African art > Mask > Fipa Mask
Tanzania Fipa Mask (N° 19017)
Deep volume on which the front face, flat and stretched, has very slightly asymmetrical, rough and yet expressive features, concentrated in the lower half. The half-circles of earlobes are drawn in relief on the contours, also flat, of the face. A thick, rounded jaw borders the mouth, which is simply incised into a rectangle. The light wood is coated with a dark, satin-like patina.
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In the southern coastal region of Tanzania, around Dar-es-Salam, a relatively homogenous group has produced most of the artistic output. It includes the Swahili, Kaguru, Doé, Kwéré, Luguru, Zaramo, Kami. The second region consists of a territory covering the south of Tanzania to Mozambique, where some Makonde and the Yao, Ngindo, Mwera, and Makua live. In northeastern Tanzania, the Chaga, Paré, Chamba, Zigua, Maasai, Iraqw, Gogo, and Héhé have an artistic production with similarities to Malagasy and Batak art, which could be explained by trade by sea. The Luo, Kuria, Haya and Ziba, the Kéréwé, Karagwé, Sukuma and Nyamézi are established in the central west and central region of Tanzania. Along the shores of lakes Tanganyika and Nyasa, and Lake Nyassa, the Ha, Jiji, Bendé, Tongwé, Holoholo, Fipa, Manbwé, Kondé, Kisi and Ngoni produced figurative statues, terracotta sculptures and inserted masks of teeth.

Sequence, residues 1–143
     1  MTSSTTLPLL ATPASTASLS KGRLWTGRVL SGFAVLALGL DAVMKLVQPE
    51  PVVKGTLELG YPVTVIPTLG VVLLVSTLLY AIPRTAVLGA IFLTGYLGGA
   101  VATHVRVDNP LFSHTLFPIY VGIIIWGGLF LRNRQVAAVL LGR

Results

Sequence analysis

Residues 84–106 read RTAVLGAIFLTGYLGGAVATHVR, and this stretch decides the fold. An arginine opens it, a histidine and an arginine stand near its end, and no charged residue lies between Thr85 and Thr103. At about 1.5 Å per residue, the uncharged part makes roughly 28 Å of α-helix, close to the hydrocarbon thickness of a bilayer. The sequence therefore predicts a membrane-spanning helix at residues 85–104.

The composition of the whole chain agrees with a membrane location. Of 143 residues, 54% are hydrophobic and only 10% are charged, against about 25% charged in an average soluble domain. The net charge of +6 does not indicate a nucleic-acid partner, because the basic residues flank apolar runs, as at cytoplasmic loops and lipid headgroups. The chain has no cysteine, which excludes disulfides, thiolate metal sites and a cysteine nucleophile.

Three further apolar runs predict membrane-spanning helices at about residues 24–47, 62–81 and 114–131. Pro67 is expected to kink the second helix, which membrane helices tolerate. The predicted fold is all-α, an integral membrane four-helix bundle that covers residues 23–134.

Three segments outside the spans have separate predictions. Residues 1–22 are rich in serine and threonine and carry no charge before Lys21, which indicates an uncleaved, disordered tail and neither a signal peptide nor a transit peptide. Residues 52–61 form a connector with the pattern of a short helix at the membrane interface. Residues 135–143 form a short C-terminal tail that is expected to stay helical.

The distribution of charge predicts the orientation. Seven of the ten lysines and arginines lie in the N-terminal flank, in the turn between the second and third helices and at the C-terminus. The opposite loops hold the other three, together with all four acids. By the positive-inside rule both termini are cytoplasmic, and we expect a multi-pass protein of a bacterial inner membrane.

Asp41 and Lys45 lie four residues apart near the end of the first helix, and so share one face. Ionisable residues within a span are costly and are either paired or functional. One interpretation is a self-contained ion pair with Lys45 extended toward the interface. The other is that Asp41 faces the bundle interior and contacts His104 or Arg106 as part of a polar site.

Litt. The Tribal Art of Black Africa" J.B. Bacquart.
Possibility of payment in2x (2x 190.0 €)
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